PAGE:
Creating a fashion line has affected Caldwell in some unexpected ways when it comes to her own style. “I carry one of my own bags every time I leave the house,” she explains. “Therefore I don’t want to leave in pajamas because my bags are really cute, so sometimes I have to throw on a couple more accessories and actually put on some leather boots if I’m going out of the house, instead of flip-flops, to go with my fabulous purse. Now, I can’t walk out the door with somebody else’s bag on. And I don’t let any of my sisters or my friends and family walk around with any other bags on either, so they’re always carrying Stage Presents at all times. I don’t know what to do with all of my other bags. I may have to give them away.”
The Caldwell collection already includes a wide variety of products. “I have men’s big travel backpacks that are distressed and rugged with industrial straps, and then I have shiny tote bags that are good for traveling, and then I have just little mini-purses that are good for everyday but still stylish and go with everything. And I do a lot of black and brown so you can kind of wear it with everything. Working with scraps made me not want to do little pieces anymore, so I really like doing larger pieces. Backpacks have become one of my No. 1 sellers.”
Caldwell’s fashion work is not keeping her away from music. “I’m probably going to have to get a few elves to start helping me out because I’m working with my producer and guitar player, Andrew Dixon, who is also one of my best friends in the whole world. I write so well with him. We performed for LA Fashion Weekend and their awards show. We have a really cool musical bond. We have the same vision and the same ideas. We’re writing with no one telling us what to do and how to fit inside the box because that’s what I’ve been told to do for a very long time. I’m at an age where I couldn’t be happier to be who I am, to be who I’ve become, and I finally trust myself and trust my instincts and ideas, and I’m finally willing to allow myself to lay it all out there. So we’re going to write and record the entire album in his studio, and we’re working with a lot of our musician friends that are coming in and laying down their instruments for us, and I’m really, really excited about it.”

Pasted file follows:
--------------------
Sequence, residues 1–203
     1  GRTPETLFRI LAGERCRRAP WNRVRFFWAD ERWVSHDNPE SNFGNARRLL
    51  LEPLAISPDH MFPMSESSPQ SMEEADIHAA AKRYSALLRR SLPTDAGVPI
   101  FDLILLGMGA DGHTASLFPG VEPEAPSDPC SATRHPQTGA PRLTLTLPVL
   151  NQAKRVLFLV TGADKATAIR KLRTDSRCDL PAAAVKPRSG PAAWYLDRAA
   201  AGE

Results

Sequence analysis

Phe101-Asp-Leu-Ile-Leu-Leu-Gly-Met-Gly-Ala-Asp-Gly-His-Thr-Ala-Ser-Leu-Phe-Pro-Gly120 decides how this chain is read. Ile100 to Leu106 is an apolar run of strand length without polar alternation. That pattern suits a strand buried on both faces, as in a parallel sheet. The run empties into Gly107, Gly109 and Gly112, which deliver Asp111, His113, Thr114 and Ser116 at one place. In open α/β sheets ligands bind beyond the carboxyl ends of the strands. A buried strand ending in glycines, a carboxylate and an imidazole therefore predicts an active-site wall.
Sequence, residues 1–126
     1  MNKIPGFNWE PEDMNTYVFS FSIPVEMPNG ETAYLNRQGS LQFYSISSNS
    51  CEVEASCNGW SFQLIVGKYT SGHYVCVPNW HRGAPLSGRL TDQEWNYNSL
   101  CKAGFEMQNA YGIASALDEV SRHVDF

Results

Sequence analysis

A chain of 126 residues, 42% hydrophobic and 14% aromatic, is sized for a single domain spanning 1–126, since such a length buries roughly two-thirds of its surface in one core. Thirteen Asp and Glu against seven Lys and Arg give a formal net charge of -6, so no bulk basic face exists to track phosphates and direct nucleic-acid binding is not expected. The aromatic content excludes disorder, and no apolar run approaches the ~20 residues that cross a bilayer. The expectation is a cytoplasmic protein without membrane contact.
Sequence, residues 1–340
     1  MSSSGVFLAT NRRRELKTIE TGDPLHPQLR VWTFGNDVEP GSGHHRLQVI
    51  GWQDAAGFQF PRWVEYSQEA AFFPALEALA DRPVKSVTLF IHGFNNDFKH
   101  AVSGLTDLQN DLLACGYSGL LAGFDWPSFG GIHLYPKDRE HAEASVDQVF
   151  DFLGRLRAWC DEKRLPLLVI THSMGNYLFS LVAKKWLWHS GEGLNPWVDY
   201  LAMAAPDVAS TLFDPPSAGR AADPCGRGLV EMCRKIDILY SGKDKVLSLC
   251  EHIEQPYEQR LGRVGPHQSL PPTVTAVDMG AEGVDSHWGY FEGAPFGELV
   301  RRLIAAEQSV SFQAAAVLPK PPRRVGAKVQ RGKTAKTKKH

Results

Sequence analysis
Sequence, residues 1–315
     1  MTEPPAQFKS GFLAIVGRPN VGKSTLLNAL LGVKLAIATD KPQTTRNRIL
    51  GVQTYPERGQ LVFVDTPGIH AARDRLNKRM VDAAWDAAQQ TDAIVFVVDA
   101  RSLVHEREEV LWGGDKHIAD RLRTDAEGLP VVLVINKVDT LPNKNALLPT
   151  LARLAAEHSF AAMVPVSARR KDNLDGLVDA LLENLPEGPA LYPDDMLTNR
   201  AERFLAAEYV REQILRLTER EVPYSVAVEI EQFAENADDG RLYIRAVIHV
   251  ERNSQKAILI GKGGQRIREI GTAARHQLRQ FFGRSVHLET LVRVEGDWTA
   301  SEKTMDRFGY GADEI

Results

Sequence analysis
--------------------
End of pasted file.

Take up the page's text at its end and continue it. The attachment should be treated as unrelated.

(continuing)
Caldwell also is keeping an eye on season 12 of American Idol, blogging about the semi-weekly episodes for E! Online. What does she think of the show one decade on? “I think it’s cool how the producers have stepped it up so it’s looking like a newer, fresher show, especially with all the other vocal competition television shows out there right now," Caldwell offers. "I’ve always thought of American Idol as a personality competition as well as a singing competition, so I like that they’re giving the contestants more time to show their personalities and do their thing, and that’s what I like about Janelle Arthur. She’s so Kellie Pickler. She knows how to reel them in. She knows how to hook that audience.”